Audiences and happiness

What do you, as a viewer, want from the TV shows and films that you watch? How important is it that the script give it to you? Some smart people have been looking into this, and here’s what they’ve found:

audienceminionsi

by (Sorry, but we don’t know whose name belongs here. If you do, fill us in!)

The originator of the hottest theory in Hollywood today is Lindsay Doran.

Who’s that? you ask.

Production executive on This Is Spinal Tap and Ferris Bueller’s Day Off. Executive producer of The Firm,Sense and Sensibility, Sabrina, Nanny McPhee, andStranger Than Fiction. President of United Artists Pictures. And, these days, an independent producer.

She comes from a Hollywood family. Her father was a studio executive for nearly 50 years, who worked on films like Sunset Blvd. Her mother typed scripts for Preston Sturgess. Her brother was the publicist on 2001: A Space Odyssey. She says she “grew up listening to people talk about story. There was always the sense that the story was the thing that mattered, and that was always the thing I loved most.”

After reading the book Flourish: A Visionary New Understanding of Happiness and Wellbeing, by Martin E. P. Seligman, she began watching films with one eye on what Dr. Seligman calls “the five essential elements of well-being”:positive emotions, engagement, relationships, meaning and accomplishment.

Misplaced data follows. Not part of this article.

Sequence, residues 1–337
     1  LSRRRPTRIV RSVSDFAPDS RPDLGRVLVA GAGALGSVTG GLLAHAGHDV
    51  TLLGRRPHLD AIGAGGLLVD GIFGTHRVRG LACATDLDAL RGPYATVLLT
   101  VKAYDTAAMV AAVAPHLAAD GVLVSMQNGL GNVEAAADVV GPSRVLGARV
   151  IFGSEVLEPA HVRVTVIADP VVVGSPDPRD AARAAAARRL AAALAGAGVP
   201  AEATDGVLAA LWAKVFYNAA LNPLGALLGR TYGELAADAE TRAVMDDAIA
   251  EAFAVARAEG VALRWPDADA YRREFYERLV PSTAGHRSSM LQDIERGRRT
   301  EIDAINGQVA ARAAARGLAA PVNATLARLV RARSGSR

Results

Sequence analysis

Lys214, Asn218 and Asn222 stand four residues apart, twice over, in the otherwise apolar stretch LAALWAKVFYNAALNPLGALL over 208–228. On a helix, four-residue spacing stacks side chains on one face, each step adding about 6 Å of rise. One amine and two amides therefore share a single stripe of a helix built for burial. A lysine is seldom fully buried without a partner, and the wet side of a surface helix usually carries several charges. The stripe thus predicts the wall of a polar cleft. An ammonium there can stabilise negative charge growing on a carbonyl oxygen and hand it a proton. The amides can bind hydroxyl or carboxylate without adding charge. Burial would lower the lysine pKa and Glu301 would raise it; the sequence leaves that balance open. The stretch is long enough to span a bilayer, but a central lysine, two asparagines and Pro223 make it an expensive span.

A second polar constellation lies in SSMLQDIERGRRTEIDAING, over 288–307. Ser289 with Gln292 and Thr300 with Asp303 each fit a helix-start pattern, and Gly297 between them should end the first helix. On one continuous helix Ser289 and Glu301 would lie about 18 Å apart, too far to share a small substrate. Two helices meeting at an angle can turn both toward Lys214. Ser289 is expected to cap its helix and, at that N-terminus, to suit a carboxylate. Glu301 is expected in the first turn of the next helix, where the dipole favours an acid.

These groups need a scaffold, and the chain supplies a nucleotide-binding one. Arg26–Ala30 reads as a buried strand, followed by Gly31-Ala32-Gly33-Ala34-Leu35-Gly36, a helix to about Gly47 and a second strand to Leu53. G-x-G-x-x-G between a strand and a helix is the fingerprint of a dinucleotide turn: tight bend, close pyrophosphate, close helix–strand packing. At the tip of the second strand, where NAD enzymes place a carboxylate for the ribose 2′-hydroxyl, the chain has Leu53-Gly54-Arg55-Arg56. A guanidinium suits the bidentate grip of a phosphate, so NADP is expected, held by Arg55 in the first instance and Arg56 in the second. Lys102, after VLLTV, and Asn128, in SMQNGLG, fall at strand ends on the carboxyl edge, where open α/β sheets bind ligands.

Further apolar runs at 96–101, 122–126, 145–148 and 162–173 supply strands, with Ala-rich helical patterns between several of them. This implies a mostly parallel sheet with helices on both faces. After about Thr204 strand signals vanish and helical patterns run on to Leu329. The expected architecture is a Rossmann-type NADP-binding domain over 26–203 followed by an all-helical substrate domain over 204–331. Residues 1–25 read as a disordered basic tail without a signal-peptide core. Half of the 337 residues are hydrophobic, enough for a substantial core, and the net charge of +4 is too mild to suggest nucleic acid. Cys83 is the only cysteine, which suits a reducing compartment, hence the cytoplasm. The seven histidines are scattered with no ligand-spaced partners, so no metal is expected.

She analyzed critically-acclaimed movies on the American Film Institute’s favorites lists and discovered that these five factors were embedded in films as far-flung as Ferris Bueller’s Day Off (characters who displayed positive emotions throughout), The Godfather (characters fully engaged in what they’re doing throughout) and The Karate Kid (a character completely focused on accomplishment).
Accomplishment
She says, “It’s no surprise that American movies specialize in stories of accomplishment. When Jennifer Grey finally dares to make the scary leap at the end of Dirty Dancing, when the Karate Kid performs the impossible kick that wipes out his opponent, or when King George VI gets through his wartime speech without stammering — those accomplishments are among the great pleasures of cinema.”

But when Lindsay Doran consulted a veteran market researcher about the five elements of well-being, he told her that audiences don’t care about an accomplishment unless it’s shared with someone else….

Read it all at Adelaide Screenwriter